This week, I used the Minolta 3D scanner in the CBA shop to scan a stuffed beaver. The resulting scan is shown above, saved as a PLY file and viewed with MeshLab on my Mac. There were a few holes that got filled in black by the GeoMagic software, which I touched up and filled in with MeshLab's paint tool.
One problem I ran into with the Minolta scanner was that the autofocus and auto-intensity functions only seem to work if the object fills most of the frame of the camera (or at least a particular part of the frame.) Sometimes the scanner would project a laser about two-thirds up the image a couple of times (which just hit the black backdrop) before saying that auto-focusing failed. I ended up having the best results by auto-focusing on the white calibration screen, then turning off autofocus and auto-intensity and manually adjusting both. I set the laser power around 60%, which is where the black eyes and nose started showing up, and re-focused the distance for each individual scan.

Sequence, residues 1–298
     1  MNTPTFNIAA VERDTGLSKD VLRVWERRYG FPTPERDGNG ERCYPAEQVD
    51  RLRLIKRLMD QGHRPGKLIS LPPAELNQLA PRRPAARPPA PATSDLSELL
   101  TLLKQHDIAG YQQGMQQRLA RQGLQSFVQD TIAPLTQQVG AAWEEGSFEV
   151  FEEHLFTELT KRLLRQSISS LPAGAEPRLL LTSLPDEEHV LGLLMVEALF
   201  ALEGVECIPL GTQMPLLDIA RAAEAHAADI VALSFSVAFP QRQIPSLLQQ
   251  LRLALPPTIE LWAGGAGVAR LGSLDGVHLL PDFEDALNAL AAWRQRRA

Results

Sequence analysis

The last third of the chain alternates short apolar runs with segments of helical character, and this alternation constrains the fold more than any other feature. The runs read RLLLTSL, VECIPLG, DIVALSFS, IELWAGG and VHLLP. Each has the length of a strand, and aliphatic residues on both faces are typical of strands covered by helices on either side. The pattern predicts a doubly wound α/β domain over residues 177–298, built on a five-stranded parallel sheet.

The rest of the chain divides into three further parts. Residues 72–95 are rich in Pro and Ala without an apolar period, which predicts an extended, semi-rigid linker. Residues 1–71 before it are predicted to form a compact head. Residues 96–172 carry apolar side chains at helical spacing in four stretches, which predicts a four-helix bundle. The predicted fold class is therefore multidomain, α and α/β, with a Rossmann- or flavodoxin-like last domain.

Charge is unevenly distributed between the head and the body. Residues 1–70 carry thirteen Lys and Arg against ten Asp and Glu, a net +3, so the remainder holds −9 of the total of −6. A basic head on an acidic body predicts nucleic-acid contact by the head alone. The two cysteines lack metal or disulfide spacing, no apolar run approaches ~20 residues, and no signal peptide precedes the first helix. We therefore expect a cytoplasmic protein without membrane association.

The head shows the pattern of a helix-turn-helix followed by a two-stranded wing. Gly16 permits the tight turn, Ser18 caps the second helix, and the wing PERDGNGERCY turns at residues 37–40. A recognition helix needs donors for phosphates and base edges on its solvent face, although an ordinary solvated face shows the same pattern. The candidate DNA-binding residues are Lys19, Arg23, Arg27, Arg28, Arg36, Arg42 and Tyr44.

Figure 2. Original beaver in its natural habitat.
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I also used the 3D printer this week to make a case for my FabISP programmer. The two pieces of the box simply friction-fit together. (The slight texture left on the pieces from the layers of the FDM process actually help the pieces snap together and stay closed.)
I designed the parts in SolidWorks and exported to STL for the 3D printer.
The block on the bottom of the lid rests against the top of the crystal on the FabISP board to prevent the board from moving up and down inside the case.
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You can download the STL files and print your own case for your FabISP. The parts are mostly 2.5D, so they should also be easily machineable on a 3-axis mill, too, except for the USB cutout and the top and bottom fillets. The design requires that your FabISP has been cut to 48x25mm and that the ISP and USB connectors are well-aligned on their pads. E-mail me if you want the SolidWorks files.
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